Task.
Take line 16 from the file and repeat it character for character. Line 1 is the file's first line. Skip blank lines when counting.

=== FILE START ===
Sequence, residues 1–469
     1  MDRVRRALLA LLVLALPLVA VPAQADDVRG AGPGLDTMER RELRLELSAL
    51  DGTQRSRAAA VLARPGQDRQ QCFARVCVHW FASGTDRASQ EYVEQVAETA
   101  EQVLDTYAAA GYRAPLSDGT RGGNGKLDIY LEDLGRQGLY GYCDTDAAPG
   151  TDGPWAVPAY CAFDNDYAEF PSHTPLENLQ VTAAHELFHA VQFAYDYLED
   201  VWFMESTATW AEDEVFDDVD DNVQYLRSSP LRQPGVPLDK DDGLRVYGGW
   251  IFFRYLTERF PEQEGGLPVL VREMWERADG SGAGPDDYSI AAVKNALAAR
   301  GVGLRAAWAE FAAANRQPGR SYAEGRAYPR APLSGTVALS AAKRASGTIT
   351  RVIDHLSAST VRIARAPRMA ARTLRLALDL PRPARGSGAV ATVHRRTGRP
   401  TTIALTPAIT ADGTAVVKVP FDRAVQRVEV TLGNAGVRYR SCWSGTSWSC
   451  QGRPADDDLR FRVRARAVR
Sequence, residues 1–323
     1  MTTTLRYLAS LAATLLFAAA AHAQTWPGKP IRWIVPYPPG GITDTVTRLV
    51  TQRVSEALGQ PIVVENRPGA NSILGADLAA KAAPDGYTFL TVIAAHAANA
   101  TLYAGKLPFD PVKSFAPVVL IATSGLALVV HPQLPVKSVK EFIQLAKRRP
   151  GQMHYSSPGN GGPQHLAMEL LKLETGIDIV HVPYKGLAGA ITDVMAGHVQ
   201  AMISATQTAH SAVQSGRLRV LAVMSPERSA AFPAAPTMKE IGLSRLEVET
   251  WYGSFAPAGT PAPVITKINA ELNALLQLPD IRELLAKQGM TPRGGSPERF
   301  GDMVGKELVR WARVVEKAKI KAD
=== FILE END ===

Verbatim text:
   151  GQMHYSSPGN GGPQHLAMEL LKLETGIDIV HVPYKGLAGA ITDVMAGHVQ